By Edmund H. Mahoney

May 1, 2010

The tortured legal ordeal of four Boston men wrongly convicted of murder by a cabal of gangsters and corrupt FBI agents apparently ended Friday with a decision by the U.S. Department of Justice not to appeal their record, $100 million wrongful imprisonment verdict to the U.S. Supreme Court, lawyers involved in the case said Friday.

The government had not appealed by a 5 p.m. deadline Friday, which lets stand an August 2009 decision by the U.S. 1st Circuit Court of Appeals upholding what is believed to be the largest verdict ever awarded in a wrongful imprisonment case, $101.7 million.

The four men spent decades in prison after FBI agents, in a scheme to cultivate mob informants, permitted the fabrication of evidence that led to their wrongful convictions for a 1965 murder.

The Justice Department's decision not to pursue another challenge of the verdict, awarded in July 2007 in Boston by U.S. District Judge Nancy Gertner, is the latest in a half-century of legal developments arising in Boston about ruthless mob violence and shocking corruption by key figures in law enforcement. In its opening lines, Gertner's decision spoke of "egregious governmental misconduct," a "bullet-ridden" body, and the FBI's "callous disregard" for the four victims, referred to throughout as "the scapegoats."

Barring unexpected legal developments, the judgment will be divided among Joseph Savati, Peter Limone Sr. and the estates of the two other men, Henry Tameleo and Louis Greco Sr.

Tameleo and Greco died of old age in prison before a sensational series of legal developments beginning in the late 1990s proved that they had been framed by mob turncoats with the knowledge of agents at the highest levels of the FBI.

Three of the victims were reputed organized crime figures in Boston and were believed to have been framed to settle old disputes. Salvati, who had no connection to organized crime, was wrongly implicated in the murder because he had borrowed $400 from one of the turncoats and did not repay it quickly enough.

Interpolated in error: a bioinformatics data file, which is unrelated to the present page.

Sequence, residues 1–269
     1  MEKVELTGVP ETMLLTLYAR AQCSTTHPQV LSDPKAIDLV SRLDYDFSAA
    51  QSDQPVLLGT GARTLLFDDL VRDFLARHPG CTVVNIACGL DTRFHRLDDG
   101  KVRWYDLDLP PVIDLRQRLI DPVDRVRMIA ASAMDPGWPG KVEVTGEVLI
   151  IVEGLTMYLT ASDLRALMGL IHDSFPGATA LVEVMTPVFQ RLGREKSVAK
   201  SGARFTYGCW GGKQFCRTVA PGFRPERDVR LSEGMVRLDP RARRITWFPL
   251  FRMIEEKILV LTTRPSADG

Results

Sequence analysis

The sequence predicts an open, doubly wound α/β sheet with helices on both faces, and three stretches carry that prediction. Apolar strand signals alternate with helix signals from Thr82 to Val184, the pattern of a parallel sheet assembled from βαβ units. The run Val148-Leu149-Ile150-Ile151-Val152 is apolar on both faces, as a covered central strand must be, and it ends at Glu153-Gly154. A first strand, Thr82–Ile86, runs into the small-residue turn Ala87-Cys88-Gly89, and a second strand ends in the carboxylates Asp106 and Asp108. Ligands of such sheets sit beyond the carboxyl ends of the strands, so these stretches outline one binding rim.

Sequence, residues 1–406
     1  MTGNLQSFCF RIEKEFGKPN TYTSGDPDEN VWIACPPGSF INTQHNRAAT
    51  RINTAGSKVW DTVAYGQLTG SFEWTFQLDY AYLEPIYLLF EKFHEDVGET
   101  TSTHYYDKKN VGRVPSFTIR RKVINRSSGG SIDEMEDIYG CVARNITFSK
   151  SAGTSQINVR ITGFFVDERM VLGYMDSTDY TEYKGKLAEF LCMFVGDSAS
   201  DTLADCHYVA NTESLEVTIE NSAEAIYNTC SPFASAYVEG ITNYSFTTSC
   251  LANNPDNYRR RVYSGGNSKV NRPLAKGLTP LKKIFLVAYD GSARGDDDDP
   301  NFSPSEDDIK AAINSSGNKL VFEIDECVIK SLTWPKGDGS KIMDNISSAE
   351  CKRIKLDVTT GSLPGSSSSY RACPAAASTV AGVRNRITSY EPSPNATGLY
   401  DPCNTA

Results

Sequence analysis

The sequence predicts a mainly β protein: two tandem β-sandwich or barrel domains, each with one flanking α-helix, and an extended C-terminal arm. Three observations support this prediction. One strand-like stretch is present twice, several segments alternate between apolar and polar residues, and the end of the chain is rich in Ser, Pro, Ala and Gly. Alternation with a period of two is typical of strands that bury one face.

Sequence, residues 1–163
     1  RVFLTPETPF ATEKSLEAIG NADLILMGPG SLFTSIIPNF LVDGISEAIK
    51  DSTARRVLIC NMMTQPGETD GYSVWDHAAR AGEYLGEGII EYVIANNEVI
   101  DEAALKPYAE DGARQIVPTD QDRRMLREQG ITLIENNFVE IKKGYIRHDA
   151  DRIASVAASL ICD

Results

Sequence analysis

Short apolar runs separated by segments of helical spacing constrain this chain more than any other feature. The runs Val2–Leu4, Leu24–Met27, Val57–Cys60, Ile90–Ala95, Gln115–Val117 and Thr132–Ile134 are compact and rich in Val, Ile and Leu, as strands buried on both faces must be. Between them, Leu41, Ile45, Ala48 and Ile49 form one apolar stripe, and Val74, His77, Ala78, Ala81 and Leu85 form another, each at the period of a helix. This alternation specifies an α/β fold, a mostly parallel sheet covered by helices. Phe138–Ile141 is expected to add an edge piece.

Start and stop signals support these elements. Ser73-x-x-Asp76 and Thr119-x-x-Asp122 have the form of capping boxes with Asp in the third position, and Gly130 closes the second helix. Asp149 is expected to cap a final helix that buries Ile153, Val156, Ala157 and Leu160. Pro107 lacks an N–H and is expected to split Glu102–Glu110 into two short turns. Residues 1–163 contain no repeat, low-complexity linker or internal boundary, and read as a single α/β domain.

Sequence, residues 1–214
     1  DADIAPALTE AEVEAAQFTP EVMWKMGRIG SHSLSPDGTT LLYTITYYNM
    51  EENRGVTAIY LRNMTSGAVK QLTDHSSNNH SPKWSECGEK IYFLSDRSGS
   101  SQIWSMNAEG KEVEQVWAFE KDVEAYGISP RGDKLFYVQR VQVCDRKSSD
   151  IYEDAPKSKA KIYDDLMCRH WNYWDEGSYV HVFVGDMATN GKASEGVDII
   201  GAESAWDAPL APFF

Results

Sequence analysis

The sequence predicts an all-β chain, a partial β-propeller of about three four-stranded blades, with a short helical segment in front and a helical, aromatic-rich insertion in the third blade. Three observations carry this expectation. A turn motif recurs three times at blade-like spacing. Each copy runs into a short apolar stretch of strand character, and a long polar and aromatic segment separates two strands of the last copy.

The FBI agents named in the wrongful imprisonment case were the same figures implicated two decades later in what became a sensational attempt by members of Boston's notorious Winter Hill gang to take over a significant portion of the U.S. parimutuel gambling industry. Oklahoma tycoon Roger Wheeler, whose World Jai Alai company owned the jai alai venue in north Hartford, was one of those shot dead in a conspiracy by then-current and retired FBI agents and mobsters in the takeover attempt.

Salvati's lead attorney in his lawsuit against the federal government was Hartford lawyer, who was joined in Hartford by his partner Joseph Burns and in Boston by attorney Victor J. Garo, whose early work on the case resulted in Salvati's being freed from prison after more than 30 years in 2001.

McGuigan said Friday that he was encouraged by the government's decision not to appeal. When the 1st Circuit upheld Gertner's damage award, McGuigan called the decision "the greatest experience of my legal career in terms of being able to right a wrong that had been perpetuated for so many years."

The 22-day bench trial before Gertner in 2007 amounted to a painstaking re-creation of events that began with the 1965 murder in Chelsea, Mass., of a nickel-and-dime hoodlum named Edward "Teddy" Deegan.

Salvati and the other victims produced as evidence hundreds of previously secret FBI reports showing that their innocence was widely known in the FBI within minutes of Deegan's murder. Nearly all the reports were routinely forwarded to the office of then-Director J. Edgar Hoover.

Deegan's real killers were the two mob turncoats that the FBI was trying to recruit as informants: Joseph "The Animal" Barboza and James Flemmi. Both were cold-blooded killers. An illegal FBI bug captured Flemmi bragging at about the time of the murder that he wanted to be Boston's most prolific hit man.

After Deegan was riddled with bullets in an unlit alley, FBI agents allowed Barboza to implicate the innocent men on the condition that he become a cooperating witness in a series of late 1960s mob prosecutions. Barboza agreed on the additional condition that his partner be kept out of the Deegan case as well.

In the trial court decision, Gertner wrote that the FBI records, which had been illegally concealed for decades, created a strong case against the bureau: "The FBI agents 'handling' Barboza ... and their superiors - all the way up to the FBI Director - knew that Barboza would perjure himself. They knew this because Barboza, a killer many times over, had told them so - directly and indirectly. Barboza's testimony about the plaintiffs contradicted every shred of evidence in the FBI's possession at the time - and the FBI had extraordinary information."

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